All India Anna Dravida Munnetra Kazhagam (AIADMK) chief and former Tamil Nadu chief minister J Jayalalithaa decried the ruling DMK-Congress-VCK combine’s efforts to exclude opposition parties from the team which toured Sri Lanka last week but the DMK will be tempted to gain political mileage from this event at least in Tamil Nadu. Besides, the DMK is a critical South Indian ally of the Congress in the central United Progressive Alliance (UPA) government.

So, was the Indian team’s visit an act of political symbolism well co-ordinated between Chennai and New Delhi? “Prima facia, the visit of the Indian MPs was well-intentioned. Leaders of the DMK and Congress desired to have some information about the ground situation by themselves. I don’t think they had the authority to articulate what they saw. Nevertheless, the visit is indicative of the continuing concerns of the central government (of India) and the Tamil Nadu government about the Tamil people of Sri Lanka. In that sense, the visit is to be welcomed,”

R Sampanthan, leader of the Tamil National Alliance (TNA) in the Sri Lankan Parliament, told the Sunday Times, while Opposition parties in Tamil Nadu were not taken on board the Sri Lanka visit, back in the island, Oppositions MPs are still not allowed access to the camps. “The Sri Lankan government prevents local MPs who represent the IDPs from meeting with them. This is clearly indicative of the fact the Sri Lankan government has a great deal to conceal,” Sampanthan, the TNA MP from Trincomalee said. “The Sri Lankan government does not want the IDPs to meet their democratically elected representatives in the fear that IDPs might convey to their MPs what really happened in the conflict zone or what their position is today,” he added.

Sampanthan and eight other TNA MPs had met the Indian delegation for an hour and a quarter at a dinner reception hosted by outgoing Indian High Commissioner Alok Prasad at his official residence India House. That was where the delegation had also met former LTTE combatant and current eastern province chief minister Sivanesathurai Chandrakanthan. The Indian team was scheduled to travel to the east but changes in its itinerary were later introduced due to many reasons; logistical problems were cited as one of them by officials in the Indian High Commission in Colombo. “Any visit to the eastern province would have been purposeless without the delegation visiting places such as Mutur in Trincomalee where villages have been razed to the ground and all habitation has been destroyed,” Sampanthan said offering his understanding of why the Indian team might have been kept away from the east.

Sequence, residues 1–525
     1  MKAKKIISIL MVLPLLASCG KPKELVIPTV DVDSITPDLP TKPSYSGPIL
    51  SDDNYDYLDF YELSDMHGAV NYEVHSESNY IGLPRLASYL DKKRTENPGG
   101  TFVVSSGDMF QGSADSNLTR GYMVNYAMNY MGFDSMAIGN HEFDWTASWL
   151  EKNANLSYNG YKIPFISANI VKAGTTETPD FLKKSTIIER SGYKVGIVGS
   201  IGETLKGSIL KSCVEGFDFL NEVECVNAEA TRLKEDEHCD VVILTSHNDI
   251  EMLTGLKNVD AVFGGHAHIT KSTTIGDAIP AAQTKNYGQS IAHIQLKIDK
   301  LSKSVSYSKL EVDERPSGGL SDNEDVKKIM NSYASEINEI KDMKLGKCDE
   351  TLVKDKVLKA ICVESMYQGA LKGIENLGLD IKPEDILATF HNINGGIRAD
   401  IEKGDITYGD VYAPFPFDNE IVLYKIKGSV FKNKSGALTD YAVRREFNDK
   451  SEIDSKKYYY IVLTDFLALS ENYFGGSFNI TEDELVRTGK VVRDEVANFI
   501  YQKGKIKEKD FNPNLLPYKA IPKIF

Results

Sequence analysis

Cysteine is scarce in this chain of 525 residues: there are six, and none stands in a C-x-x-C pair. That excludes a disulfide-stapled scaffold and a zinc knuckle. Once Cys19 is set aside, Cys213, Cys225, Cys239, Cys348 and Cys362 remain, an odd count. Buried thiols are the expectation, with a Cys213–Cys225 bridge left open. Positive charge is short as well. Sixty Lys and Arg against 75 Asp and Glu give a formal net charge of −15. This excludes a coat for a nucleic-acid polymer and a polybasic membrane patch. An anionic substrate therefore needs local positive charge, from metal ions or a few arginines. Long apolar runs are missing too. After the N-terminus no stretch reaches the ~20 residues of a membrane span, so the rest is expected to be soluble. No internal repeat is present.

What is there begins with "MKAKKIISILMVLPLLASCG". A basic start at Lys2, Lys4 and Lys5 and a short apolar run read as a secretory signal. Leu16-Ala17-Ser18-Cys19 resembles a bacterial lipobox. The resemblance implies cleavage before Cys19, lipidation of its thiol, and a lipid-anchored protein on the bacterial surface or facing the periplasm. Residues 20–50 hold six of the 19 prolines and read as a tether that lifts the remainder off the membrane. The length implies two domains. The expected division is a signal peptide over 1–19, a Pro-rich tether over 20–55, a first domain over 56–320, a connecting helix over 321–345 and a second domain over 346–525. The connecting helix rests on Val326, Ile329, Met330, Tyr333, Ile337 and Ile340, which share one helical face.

In a statement released to the press after the team’s meeting with Rajapaksa on Tuesday last, the Presidential secretariat said: “with regard to discussions on a political settlement to the ethnic question, the President said any settlement must be one acceptable to all communities and by Sri Lanka’s neighbour.” Gifts and pleasantries were exchanged between the visitors and their host government representatives but neither side engaged on the sensitive yet central topic of a political resolution to the long-standing problem.

Sampanthan said that the Liberation Tigers of Tamil Eelam (LTTE)’s attitude towards India had resulted in India becoming a mere observer. Although the Tamil politician said he would look towards New Delhi for help with a political solution, strategic experts in India are less hopeful as Sri Lanka’s geopolitics today is different than it was a few years ago.

“Having being outmanoeuvred by China’s success in extending its strategic reach into the Indian Ocean, New Delhi got sucked into providing major assistance to Colombo over the last few years, lest it loses further ground. From opening an unlimited line of military credit for Sri Lanka, to extending naval and intelligence co-operation, India provided important war-relevant support in a deteriorating humanitarian situation,” wrote Brahma Chellaney in the October edition of the Far Eastern Economic Review. Chellaney is a well known strategic commentator in India and works for a think-tank called the Centre for Policy Research.

At a time when the Rajapaksa government is under immense international pressure to expedite the resettlement of the war displaced people, calling upon Indian Parliamentarians to visit camps in Vavuniya was good diplomacy by Colombo. For New Delhi, sending the team meant good domestic politics. The war displaced people meanwhile continue to live under gathering clouds.